3.3.1 Therapies Targeting Tumor-Specific Mutations

Agents that target specific genetic defects in tumor cells can have profound effects on tumor growth in high percentages of patients with targeted mutations, although the responses are generally not durable. Initially designed to inhibit tumor cells intrinsically, these agents can have tumor cell-extrinsic effects as well, which can elicit a stronger immune response against treated tumors. Perhaps the most well-studied example is agents that target the BRAFV600E mutation, the oncogenic driver commonly found in melanoma and other cancers (Sumimoto et al. 2006). In metastatic melanoma BRAF inhibitor therapy initially leads to an increase in expression of melanocyte differentiation antigens and decreased immunosuppressive cytokine production, coupled with an initial increase in CD8 + T cell infiltration into the tumor (Boni et al. 2010; Cooper et al. 2013a). However, as with other targeted therapies, the response to BRAF inhibitors is often transient. BRAF inhibitor resistance is associated with decreased T cell infiltration and increased PD-L1 expression (Frederick et al. 2013). These effects on the immune response, along with the high response rate but low durability (the inverse of what is seen with checkpoint inhibitors) provide rationale for combining targeted therapies with checkpoint inhibitors (Cooper et al. 2013b). However, clinical studies that combine some BRAF inhibitors with anti-CTLA-4 antibodies have shown increased toxicity, especially when combined with MEK inhibitors (Harding et al. 2012). Preclinical studies have shown synergy between BRAF inhibitors and anti-PD-1 antibodies, and this is now being evaluated clinically (Cooper et al. 2014).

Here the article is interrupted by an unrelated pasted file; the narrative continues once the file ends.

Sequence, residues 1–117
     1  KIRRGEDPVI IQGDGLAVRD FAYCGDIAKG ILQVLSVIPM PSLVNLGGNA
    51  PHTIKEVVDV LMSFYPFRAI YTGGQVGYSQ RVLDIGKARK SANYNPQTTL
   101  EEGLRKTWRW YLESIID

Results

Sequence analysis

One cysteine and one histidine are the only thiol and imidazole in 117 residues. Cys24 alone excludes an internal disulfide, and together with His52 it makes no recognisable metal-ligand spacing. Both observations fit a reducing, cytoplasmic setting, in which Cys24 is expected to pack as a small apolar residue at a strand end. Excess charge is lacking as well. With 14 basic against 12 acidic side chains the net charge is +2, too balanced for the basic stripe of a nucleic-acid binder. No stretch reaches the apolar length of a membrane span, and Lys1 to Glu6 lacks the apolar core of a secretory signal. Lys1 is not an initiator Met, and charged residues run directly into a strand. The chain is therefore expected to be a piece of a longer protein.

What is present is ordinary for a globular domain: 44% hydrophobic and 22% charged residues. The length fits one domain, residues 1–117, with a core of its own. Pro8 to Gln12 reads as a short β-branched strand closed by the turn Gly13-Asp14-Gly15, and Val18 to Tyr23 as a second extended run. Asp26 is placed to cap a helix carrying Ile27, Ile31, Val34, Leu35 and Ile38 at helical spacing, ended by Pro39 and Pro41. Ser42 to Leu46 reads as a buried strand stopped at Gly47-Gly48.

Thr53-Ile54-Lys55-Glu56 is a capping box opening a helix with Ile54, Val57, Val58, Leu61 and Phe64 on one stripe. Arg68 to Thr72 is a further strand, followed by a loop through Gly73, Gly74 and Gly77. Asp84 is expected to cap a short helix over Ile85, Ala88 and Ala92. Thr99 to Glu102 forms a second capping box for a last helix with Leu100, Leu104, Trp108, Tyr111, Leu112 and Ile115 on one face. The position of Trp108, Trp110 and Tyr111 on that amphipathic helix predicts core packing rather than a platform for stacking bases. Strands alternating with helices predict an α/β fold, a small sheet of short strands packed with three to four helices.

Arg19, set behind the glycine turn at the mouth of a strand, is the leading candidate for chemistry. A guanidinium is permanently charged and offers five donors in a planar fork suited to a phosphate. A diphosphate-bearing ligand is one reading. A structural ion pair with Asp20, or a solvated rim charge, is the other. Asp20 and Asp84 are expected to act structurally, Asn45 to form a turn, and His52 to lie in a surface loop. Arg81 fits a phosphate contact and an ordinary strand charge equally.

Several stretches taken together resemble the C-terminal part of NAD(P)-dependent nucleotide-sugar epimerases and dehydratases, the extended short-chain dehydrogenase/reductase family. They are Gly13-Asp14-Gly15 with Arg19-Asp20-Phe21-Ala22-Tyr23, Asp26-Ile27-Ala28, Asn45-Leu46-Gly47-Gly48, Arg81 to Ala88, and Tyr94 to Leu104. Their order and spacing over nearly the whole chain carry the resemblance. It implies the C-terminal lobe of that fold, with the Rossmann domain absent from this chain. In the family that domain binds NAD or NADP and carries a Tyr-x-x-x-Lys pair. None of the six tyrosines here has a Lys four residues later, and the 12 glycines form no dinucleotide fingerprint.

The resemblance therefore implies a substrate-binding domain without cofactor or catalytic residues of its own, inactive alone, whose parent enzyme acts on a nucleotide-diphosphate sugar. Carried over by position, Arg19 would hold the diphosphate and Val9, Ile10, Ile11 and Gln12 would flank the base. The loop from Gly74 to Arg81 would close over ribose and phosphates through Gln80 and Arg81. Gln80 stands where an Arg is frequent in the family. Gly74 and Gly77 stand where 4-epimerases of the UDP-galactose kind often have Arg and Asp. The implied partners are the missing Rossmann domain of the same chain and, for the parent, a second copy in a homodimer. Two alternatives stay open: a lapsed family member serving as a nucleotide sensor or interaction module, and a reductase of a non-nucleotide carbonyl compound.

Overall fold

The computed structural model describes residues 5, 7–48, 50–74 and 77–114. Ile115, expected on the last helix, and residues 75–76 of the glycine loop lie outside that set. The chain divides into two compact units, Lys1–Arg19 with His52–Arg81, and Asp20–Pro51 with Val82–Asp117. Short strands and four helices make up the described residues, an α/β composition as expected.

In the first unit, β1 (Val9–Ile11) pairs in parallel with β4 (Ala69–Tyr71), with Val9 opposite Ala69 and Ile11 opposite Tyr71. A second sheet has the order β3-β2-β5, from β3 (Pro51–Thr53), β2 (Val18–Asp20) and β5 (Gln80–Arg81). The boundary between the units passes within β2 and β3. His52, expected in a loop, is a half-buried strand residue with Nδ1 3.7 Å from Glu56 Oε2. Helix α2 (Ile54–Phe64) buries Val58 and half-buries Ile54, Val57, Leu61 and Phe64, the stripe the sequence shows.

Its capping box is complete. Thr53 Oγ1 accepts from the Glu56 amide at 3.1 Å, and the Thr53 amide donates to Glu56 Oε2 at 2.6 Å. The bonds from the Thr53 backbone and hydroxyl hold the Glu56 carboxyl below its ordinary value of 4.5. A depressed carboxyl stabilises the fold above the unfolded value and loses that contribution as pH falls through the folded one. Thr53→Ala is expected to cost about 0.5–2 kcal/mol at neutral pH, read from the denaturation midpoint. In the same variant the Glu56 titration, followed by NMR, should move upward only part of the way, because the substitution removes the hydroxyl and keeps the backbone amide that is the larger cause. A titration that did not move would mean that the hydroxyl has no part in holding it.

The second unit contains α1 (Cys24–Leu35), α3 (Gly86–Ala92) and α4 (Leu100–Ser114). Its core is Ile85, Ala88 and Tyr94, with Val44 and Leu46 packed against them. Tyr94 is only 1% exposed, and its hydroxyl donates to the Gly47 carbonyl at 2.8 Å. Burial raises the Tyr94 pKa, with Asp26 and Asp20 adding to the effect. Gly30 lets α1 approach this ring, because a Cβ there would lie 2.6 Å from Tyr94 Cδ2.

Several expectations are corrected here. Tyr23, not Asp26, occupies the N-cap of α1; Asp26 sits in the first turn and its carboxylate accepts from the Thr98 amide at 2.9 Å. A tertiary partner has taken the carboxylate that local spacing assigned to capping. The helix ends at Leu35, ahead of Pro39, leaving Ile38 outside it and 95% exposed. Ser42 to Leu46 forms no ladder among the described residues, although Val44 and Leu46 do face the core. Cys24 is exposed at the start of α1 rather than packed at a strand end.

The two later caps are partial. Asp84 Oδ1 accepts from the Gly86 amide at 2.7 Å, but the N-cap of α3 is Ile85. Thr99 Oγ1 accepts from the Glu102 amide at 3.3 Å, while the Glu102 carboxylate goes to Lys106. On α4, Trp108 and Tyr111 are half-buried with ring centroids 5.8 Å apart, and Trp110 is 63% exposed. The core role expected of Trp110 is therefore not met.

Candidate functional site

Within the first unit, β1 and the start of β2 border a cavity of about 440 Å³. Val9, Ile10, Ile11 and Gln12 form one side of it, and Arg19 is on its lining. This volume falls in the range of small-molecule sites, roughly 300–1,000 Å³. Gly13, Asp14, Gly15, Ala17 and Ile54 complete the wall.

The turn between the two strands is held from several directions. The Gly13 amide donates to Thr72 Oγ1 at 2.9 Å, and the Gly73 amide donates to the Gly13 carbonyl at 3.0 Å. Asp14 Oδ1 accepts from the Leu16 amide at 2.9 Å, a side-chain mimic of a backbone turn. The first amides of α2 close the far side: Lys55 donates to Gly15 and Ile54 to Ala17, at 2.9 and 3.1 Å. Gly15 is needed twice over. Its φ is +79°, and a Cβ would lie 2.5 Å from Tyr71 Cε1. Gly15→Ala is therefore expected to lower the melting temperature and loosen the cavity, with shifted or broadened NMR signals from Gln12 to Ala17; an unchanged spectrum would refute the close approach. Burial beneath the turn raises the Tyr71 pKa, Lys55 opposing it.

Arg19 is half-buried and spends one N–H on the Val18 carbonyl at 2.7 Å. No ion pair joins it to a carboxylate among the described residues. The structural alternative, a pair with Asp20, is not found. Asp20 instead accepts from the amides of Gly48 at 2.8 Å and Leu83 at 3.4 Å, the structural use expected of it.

3.3.2 Epigenetic Modifiers and Antiangiogenic Agents